Whereas several multi-gene signatures exist to predict breast cancer patient prognosis, their prognostic values appears to be mostly derived from their capacity to measure expression of genes associated with proliferation20,21. Because BLBCs are generally highly proliferative, the existing prognostic signatures fail to identify a subset of BLBC with good prognosis22. Some recent work has focused on identifying multi-gene predictors of outcome in triple negative (ER-, PR-, HER2-) and hormone receptor negative breast cancer21,22,23,24,25,26. However, a robust method of distinguishing between BLBCs with good and poor outcome has yet to be developed. To the latter end, we have begun optimizing such a method and report here the identification of a 14-gene signature that is associated with patient outcome in BLBCs.

Results

Compiling multiple gene expression profiles of basal breast tumors

To identify genes whose expression might be associated with the clinical outcome of BLBC patients, we compiled a large collection of human breast tumor gene expression data for which clinical data was also available (n = 995). Hierarchical clustering using the ‘intrinsic’ gene set revealed that many of these tumors (n = 547) clustered into the previously described molecular subtypes12,13,14 (Fig. 1a). Importantly, survival analysis using Kaplan-Meier survival curves revealed distinct differences in clinical outcome among the patients with tumors of different molecular subtypes. As observed previously patients with tumors of the basal-like, ERBB2, claudin-low and luminal B subtypes experienced the poorest 10-year survival, whereas patients with luminal A or normal-like tumors experienced the best 10-year survival13 (Fig. 1b). Interestingly, the 10-year survival rate of patients with basal-like tumors was approximately 60% and very few BLBC patient mortalities occurred after this time (Fig. 1b). The latter findings are consistent with previous observations that the prognosis of BLBC patients is time dependent, where these patients are at highest risk for relapse during the first 5 years post diagnosis and experience a very low risk for relapse 10-years post diagnosis16,17,18.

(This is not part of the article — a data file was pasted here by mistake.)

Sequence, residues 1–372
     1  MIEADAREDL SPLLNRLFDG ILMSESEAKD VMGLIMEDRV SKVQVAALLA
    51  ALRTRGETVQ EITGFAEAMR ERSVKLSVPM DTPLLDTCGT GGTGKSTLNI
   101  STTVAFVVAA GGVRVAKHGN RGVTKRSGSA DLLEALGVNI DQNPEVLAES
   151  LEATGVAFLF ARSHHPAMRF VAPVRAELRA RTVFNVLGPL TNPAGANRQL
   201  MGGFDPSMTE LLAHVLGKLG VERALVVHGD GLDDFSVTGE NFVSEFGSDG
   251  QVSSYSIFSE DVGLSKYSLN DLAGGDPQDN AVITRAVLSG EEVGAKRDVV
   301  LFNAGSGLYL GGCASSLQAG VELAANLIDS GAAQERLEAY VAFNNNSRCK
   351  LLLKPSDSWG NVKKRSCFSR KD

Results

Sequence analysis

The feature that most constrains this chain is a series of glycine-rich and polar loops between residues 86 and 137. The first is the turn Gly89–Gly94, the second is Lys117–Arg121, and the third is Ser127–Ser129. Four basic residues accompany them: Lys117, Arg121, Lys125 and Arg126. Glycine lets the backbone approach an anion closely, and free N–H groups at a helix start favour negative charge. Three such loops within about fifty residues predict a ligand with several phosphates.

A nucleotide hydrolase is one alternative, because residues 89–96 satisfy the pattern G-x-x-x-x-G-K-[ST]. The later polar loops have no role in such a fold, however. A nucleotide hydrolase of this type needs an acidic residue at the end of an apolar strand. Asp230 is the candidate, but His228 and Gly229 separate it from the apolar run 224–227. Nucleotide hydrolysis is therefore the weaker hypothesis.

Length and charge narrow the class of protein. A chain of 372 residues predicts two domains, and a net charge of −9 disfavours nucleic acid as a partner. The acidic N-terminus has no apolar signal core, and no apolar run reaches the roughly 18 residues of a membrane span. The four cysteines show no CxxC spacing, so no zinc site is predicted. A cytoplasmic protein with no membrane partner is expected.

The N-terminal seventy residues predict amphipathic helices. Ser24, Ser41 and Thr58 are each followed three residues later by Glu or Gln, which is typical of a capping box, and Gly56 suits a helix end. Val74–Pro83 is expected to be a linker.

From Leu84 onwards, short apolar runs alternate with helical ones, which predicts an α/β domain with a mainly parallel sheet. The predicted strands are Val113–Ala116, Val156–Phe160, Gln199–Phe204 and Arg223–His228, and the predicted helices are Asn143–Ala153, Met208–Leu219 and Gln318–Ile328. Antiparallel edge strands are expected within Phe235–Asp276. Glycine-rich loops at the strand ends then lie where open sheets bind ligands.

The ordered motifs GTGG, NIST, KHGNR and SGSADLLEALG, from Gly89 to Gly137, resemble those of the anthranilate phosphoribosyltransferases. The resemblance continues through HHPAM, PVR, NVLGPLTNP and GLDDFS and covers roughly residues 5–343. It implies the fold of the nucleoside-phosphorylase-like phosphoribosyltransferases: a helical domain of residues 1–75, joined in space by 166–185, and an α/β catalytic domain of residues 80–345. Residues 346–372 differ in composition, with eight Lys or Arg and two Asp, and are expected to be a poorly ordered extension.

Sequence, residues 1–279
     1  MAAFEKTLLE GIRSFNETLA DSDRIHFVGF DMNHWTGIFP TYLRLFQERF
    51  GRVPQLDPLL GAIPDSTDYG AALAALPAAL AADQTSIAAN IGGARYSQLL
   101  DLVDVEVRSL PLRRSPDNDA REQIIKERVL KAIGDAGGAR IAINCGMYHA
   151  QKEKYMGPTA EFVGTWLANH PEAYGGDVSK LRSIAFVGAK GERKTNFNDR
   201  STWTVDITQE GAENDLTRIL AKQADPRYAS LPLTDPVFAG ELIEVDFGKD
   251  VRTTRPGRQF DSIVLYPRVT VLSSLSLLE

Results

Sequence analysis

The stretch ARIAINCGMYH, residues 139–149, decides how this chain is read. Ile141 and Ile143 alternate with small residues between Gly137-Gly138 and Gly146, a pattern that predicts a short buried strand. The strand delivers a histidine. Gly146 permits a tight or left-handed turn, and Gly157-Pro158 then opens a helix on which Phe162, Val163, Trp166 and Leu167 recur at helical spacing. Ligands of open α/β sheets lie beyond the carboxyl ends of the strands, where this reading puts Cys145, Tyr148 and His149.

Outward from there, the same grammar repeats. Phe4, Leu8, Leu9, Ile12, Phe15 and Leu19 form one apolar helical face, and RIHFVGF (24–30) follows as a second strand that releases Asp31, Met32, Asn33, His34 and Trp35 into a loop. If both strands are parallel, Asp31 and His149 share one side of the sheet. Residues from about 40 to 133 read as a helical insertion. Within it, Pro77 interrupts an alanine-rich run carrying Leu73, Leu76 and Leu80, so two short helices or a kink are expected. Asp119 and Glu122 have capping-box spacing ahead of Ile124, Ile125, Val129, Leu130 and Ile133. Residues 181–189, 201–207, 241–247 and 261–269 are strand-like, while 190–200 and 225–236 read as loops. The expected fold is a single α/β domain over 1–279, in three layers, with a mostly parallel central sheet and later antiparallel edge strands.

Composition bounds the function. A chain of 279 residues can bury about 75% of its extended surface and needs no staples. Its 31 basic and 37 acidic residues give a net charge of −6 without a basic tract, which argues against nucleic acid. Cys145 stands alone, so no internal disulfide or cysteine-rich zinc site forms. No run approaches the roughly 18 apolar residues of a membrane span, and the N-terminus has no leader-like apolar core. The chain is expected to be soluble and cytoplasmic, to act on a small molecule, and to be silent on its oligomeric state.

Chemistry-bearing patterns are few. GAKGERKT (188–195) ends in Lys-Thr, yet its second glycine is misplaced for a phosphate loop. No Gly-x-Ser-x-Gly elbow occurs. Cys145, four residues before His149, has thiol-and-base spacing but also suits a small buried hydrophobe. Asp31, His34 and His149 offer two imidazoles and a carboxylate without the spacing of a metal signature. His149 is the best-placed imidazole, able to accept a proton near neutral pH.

Figure 1
Human breast tumors cluster into 6 distinct molecular subtypes of breast cancer with differences in patient survival.

Importantly, the BLBC tumor cohort comprised 134 patients with clinical follow-up data, thus providing a fairly large number of basal tumors to identify a genomic predictor that could be used to guide prognosis for patients with basal-like breast tumors.

Training signature

To develop a genomic predictor that could be used to identify BLBC patients who were likely to have either good or poor survival outcomes, we first divided the 134 patient BLBC cohort into a 85 patient training set and a 49 patient validation set. We used binary regression probabilistic models for feature selection to identify genes that had the best prognostic performance among the gene expression profiles derived from the 85 BLBCs of the training set27. For these analysis, <5 year DFS was taken to indicate poor outcome, whereas >5 year DFS was taken to indicate good outcome. Previous studies have shown that the vast majority of disease recurrence among BLBC patients occurs within the first 5 years16,17,18. Starting with a single probe set signature, we iteratively generated signatures by gradually adding probe sets and tested the resulting signature using leave-one-out cross-validation. In this fashion we generated multiple signatures comprising n probe sets, where n = 1,2,3…,50 (Fig. 2A). For each discrete value of n, this technique assigned a probability to every patient within the training set that indicated the likelihood of a patient experiencing disease relapse. To establish a probability cut-point, where patients with higher probability are assigned into the poor prognosis category and patients with lower probability are assigned into the good prognosis category, we used a previously described tertile method28. In this fashion, good prognosis was assigned to patients whose probability score fell in the lowest 1/3 of all probability scores, whereas poor prognosis was assigned to patients whose score fell into the higher 2/3 of probability scores. Indeed, these approximate proportions have been observed in several gene expression based breast cancer prognostication studies4,7,29,30. We therefore took this approach as a relatively non-biased and simple means to divide patients into predicted good and poor outcome groups. To determine which n-element signature had optimal performance we compared the relative risk of relapse for each signature (Fig. 2B, red line: relative risk, black line: LOWESS (LOcally WEighted Scatterplot Smoothing) curve fitted to relative risk data, n = 14 identifies optimal signature length). In this fashion we identified a 14-probe-set (each gene represented by 1 probe set, henceforth called Basal 14 signature) signature, which optimally separated patients into good and poor outcome groups (Table 1).

Figure 2
14 probe sets optimally separate patients into good and poor survival groups.
Table 1